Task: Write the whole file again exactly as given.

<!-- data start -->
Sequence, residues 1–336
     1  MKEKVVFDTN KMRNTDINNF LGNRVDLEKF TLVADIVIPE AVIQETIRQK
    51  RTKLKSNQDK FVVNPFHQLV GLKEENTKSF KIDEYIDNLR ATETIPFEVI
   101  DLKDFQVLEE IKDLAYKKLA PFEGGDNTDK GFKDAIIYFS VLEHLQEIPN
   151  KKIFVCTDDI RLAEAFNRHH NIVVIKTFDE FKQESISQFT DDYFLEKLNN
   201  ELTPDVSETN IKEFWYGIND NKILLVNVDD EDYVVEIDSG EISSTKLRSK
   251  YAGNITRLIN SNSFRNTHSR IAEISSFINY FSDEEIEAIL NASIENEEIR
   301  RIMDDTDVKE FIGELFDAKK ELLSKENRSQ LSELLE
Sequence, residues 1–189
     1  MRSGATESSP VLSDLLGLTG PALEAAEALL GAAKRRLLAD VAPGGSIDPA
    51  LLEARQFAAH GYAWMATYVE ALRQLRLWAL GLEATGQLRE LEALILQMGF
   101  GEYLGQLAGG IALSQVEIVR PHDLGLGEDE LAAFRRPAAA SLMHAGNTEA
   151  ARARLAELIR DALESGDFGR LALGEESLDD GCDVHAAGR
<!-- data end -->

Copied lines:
Sequence, residues 1–336
     1  MKEKVVFDTN KMRNTDINNF LGNRVDLEKF TLVADIVIPE AVIQETIRQK
    51  RTKLKSNQDK FVVNPFHQLV GLKEENTKSF KIDEYIDNLR ATETIPFEVI
   101  DLKDFQVLEE IKDLAYKKLA PFEGGDNTDK GFKDAIIYFS VLEHLQEIPN
   151  KKIFVCTDDI RLAEAFNRHH NIVVIKTFDE FKQESISQFT DDYFLEKLNN
   201  ELTPDVSETN IKEFWYGIND NKILLVNVDD EDYVVEIDSG EISSTKLRSK
   251  YAGNITRLIN SNSFRNTHSR IAEISSFINY FSDEEIEAIL NASIENEEIR
   301  RIMDDTDVKE FIGELFDAKK ELLSKENRSQ LSELLE
Sequence, residues 1–189
     1  MRSGATESSP VLSDLLGLTG PALEAAEALL GAAKRRLLAD VAPGGSIDPA
    51  LLEARQFAAH GYAWMATYVE ALRQLRLWAL GLEATGQLRE LEALILQMGF
   101  GEYLGQLAGG IALSQVEIVR PHDLGLGEDE LAAFRRPAAA SLMHAGNTEA
   151  ARARLAELIR DALESGDFGR LALGEESLDD GCDVHAAGR